All images: ©Conquista
After one last traverse of the Cotentin peninsula, bringing us up from the start in Saint-Lô, we are in Cherbourg for the end of stage two of 2016’s edition of the Tour de France. There is something crazy about following the Tour: you drive for hours and spend a fortune to catch a few seconds of action, if you are lucky – or like today, simply to be in the vicinity as the climax unfolds, while you watch it on television in a nearby tent.
A four-man breakaway has been away for most of the day, though by now it is reduced to just three riders – Paul Voss of BORA – ARGON 18, Vegard Breen of Fortuneo–Vital Concept, and Trek–Segafredo’s Jasper Stuyven. With less than 10km to go, they lead the pack by well over two minutes. The usual arithmetic suggests the peloton can take back a minute over that distance, but not much more – so the break has a good chance of staying away. But today the usual arithmetic is irrelevant, because the route has a sting in the tail: one last, steep climb to the finish line, around one kilometre long, which touches 14% . . .
. . . and then, while the press tent is doing its meaningless sums, there is a break from the break. With 8.5km to go, just as the road briefly rises, and the other two slow for a breather, Stuyven attacks. A murmur of approval goes around the tent. Stuyven, conforming to every positive stereotype of Belgian cycling, looks very big, and very strong, and seems unlikely to be hampered by an excessively sophisticated race strategy. Earlier in the year he won Kuurne-Brussels-Kuurne with a similar solo break, that time from twice as far out. But this is the Tour: the competition doesn’t get any stronger, and just to add some extra motivation, with race leader Mark Cavendish struggling, it seems certain that today’s winner will wear the yellow jersey tomorrow.
Breen is spent, and cannot respond to Stuyven’s attack. A red-faced Voss, who has been in the break for most of the first two days, taking the KoM jersey in the process, tries manfully to bridge the gap, but has nothing left: soon he, too, is swept up, then left behind by the peloton.
As we watch the screens in the press tent, Oleg Tinkov shuffles up on crutches - a surprise, given that the previous evening he was quite happily pedalling his bike around the bus in full team kit. Tinkov is much bigger than I expect – both taller and broader, and with a particularly huge head. He is accompanied by an escort of five French policemen. As he stands watching the action, he sniffs hard, gargles, and then blasts the contents of his throat and sinuses through his pursed lips and onto the road at the feet of the press, in a manoeuvre known to Australians as “sending an oyster south”.
On screen, confusingly, the time gaps are measured back to the yellow jersey, but Cavendish is now off the back of the pack – with the result that, briefly, thrillingly, but wrongly, it appears that Stuyven has a lead over the field of almost a minute with just a kilometre to go. And then, with just 500m remaining, like a killer whale surfacing immediately behind a baby seal, the peloton is on him, and he is gone.
Just like on day 1, Tinkoff’s Peter Sagan leads out the final effort. Unlike day 1, and presumably having learned from that error, he realizes he has gone too early, and soft-pedals until others come past. And at the end he is too strong and too smart. Second-placed Julian Alaphilippe hammers his handlebars in frustration. Behind us, Oleg flings his arms in the air, leaps up and down and roars “FUCK THEM! FUCK THEM ALL!” His crutches, apparently forgotten (and, apparently, purely ornamental), flail wildly around him.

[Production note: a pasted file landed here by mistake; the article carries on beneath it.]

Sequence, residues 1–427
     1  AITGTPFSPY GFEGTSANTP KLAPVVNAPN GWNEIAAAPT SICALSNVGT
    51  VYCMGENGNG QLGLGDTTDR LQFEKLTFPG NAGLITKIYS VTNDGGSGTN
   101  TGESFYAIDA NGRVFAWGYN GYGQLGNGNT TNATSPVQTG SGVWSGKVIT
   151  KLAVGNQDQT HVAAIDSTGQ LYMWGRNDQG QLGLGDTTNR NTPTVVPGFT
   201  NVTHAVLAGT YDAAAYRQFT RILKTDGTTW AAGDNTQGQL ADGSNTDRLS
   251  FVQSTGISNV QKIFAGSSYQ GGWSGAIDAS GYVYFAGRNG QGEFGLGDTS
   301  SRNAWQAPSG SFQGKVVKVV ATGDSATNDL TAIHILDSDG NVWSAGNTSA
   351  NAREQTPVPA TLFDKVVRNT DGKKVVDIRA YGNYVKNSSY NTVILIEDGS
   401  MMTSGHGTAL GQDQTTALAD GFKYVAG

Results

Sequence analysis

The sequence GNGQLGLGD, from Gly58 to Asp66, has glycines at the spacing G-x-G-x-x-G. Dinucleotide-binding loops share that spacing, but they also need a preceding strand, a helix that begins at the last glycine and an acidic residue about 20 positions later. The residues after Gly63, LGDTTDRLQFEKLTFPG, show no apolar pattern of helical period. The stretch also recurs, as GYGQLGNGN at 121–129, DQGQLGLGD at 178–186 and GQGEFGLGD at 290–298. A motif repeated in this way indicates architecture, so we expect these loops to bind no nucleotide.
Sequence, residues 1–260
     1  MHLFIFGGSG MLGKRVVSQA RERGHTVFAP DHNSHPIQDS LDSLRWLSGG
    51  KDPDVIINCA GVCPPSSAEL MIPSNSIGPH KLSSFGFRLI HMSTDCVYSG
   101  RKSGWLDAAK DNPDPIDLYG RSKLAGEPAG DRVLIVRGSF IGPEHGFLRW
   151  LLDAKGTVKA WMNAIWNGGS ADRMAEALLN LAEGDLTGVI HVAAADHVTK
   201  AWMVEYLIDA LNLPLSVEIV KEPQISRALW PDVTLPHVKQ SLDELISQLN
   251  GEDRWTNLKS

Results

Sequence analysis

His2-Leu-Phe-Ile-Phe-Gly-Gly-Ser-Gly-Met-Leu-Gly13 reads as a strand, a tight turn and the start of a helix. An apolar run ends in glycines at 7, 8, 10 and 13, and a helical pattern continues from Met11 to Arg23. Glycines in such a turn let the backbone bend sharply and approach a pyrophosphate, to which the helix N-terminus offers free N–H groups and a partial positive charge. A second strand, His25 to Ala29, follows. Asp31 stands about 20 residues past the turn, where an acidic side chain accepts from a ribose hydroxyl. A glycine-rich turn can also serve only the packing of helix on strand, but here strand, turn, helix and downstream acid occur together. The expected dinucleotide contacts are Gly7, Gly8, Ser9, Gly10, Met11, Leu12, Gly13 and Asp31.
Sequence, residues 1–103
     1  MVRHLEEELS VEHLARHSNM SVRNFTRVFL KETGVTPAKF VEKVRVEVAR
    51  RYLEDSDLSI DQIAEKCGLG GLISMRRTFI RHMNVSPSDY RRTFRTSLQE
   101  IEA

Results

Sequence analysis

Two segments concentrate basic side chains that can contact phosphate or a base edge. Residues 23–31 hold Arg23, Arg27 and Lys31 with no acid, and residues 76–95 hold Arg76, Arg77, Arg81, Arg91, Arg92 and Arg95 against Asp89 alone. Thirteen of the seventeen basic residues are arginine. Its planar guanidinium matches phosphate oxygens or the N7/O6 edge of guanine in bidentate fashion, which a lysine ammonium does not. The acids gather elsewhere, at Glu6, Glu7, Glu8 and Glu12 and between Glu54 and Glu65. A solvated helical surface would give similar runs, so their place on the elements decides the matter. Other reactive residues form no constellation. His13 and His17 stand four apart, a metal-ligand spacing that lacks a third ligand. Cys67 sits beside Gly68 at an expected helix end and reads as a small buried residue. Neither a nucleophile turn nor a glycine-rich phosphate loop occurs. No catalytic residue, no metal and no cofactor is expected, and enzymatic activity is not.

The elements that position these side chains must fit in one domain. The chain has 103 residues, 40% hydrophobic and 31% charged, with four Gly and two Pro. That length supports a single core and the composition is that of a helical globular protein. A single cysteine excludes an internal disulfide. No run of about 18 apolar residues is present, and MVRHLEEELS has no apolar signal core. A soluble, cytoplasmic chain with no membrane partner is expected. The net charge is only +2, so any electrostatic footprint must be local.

Voss rolls over the line looking shattered. By the time he reaches the press tent, perhaps a couple of hundred metres later, when he is stopped and diverted to doping control by an official, the polka-dot jersey is already gone, taken over by Stuyven, who also wins the combativity prize. Vossi’s moment in the spotlight is over with cruel swiftness. But he’ll be back.
Once over the line, the riders head straight downhill to the team buses. The final climb has strung them out, and there is much more room on the road than yesterday, so despite the crowds there is no repeat of the scrum at Utah Beach. Soigneurs hand out bottles, cans of fizzy pop, and towels. Some riders stop for the press. But Tinkoff’s Alberto Contador, having crashed on both days so far, doesn’t even wait for an interviewer before loudly offering his opinions, mostly negative, about the events of the day.
Back at the press tent, a huge scrum awaits Peter Sagan. When he appears, he jokingly makes to walk straight past the TV cameras. In truth, he is a sponsor’s dream, patiently giving the same polite, detailed answers to the same questions over and over again. While I am photographing him mid-interview, I feel a firm prod in the stomach. A policeman, outraged at some fancied transgression, has stuck his umbrella through the barrier and into my belly. I laugh, and carry on, hoping that I am still doing whatever it was that annoyed him.
And then, at the end, someone asks Sagan how long he will keep the yellow jersey. He smiles. "I don't care. If I lose yellow, I have green. If I lose the green jersey I have the rainbow jersey.”
What a line. What a day. What a winner. What a race. What a circus.
We're done. We can’t top that. We head for Cherbourg terminal, and the ferry home. Au revoir, Tour de France. Au revoir.
Like it? Share it!